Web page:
General Power of Attorney in Texas

By Claire Gillespie - Updated July 19, 2018
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Hand and document at the meeting image by Dmitry Goygel-Sokol from Fotolia.com

You don't have to have a legal qualification (or any qualifications, for that matter) to get a general power of attorney. A general power of attorney is a legal document granting a person, known as the "agent" or "attorney in fact," the authority to take certain actions on behalf of another person, known as the principal.

Texas Power of Attorney Requirements

The main reasons for granting a power of attorney are to allow someone else to engage in some type of financial activity on your behalf if you cannot be present to do so yourself (for example, if you are out of the country), and to give someone else the authority to deal with your financial matters should you become physically or mentally disabled or incapacitated.

Any adult may create a general power of attorney in Texas. The document must include one of the following statements:

"This power of attorney is not affected by subsequent disability or incapacity of the principal." This creates a durable power of attorney and gives the agent immediate authority.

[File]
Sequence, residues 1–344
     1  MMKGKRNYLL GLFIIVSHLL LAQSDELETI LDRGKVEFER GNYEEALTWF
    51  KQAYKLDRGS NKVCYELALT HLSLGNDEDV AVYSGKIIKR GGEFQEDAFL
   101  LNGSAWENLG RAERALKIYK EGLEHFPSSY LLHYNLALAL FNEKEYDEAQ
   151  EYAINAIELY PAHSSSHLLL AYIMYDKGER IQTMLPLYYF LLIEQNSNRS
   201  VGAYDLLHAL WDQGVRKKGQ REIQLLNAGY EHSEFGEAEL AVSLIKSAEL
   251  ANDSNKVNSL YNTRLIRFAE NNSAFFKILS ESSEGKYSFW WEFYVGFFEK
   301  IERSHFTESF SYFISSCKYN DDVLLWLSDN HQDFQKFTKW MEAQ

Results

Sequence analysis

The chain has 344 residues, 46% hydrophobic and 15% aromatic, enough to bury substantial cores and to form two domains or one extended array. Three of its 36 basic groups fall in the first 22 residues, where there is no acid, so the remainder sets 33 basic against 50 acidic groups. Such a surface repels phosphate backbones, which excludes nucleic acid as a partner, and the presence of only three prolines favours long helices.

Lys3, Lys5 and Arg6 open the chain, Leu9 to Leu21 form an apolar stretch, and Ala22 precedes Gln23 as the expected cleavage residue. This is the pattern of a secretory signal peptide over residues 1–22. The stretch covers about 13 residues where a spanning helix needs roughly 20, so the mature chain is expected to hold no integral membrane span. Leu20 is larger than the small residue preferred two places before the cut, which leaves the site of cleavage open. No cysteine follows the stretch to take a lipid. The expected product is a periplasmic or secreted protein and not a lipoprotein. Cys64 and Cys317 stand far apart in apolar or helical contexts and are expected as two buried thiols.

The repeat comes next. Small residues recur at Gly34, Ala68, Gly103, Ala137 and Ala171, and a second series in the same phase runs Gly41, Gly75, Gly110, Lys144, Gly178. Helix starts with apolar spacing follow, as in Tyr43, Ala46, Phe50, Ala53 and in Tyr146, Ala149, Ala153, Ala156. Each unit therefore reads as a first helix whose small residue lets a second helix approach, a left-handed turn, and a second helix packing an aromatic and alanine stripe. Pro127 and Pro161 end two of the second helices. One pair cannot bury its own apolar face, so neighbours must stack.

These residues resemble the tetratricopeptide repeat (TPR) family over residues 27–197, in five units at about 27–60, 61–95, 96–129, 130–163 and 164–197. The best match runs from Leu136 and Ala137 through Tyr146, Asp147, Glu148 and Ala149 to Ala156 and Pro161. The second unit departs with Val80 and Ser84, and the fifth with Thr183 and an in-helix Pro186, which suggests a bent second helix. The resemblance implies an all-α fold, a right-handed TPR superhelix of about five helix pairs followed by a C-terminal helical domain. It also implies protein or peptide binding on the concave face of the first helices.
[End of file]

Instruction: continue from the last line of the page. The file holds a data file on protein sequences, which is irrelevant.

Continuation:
"This power of attorney becomes effective on the disability or incapacity of the principal." This creates a springing (and durable) power of attorney, but the agent will not have authority unless the principal becomes disabled or incapacitated.

Power of Attorney Texas Law

The Texas power of attorney statute is the Texas Estates Code section 752.051. This section provides the exact content of the form you need to complete to get power of attorney. It lists various types of powers to be granted or withheld by the principal, such as the power to act in respect of real property transactions, banking transactions and tax matters.

Getting General Power of Attorney in Texas

Visit the Texas Human and Health Services website to download the free power of attorney form in Texas PDF. The form lists various types of powers, with a blank line before each. To give your agent every power on the list, initial on the line before the last item. This creates a general power of attorney. If you want to give your agent only certain powers, initial before each power you wish to grant. This creates a limited power of attorney.

Once completed, the power of attorney must be dated and signed by the principal before a notary public or other person authorized in Texas or any other state to "take acknowledgments to deeds of conveyance" and administer oaths.

About the Author

Claire is a qualified lawyer and specialized in family law before becoming a full-time writer. She has written for many digital publications, including The Washington Post, Forbes, Vice and HealthCentral.

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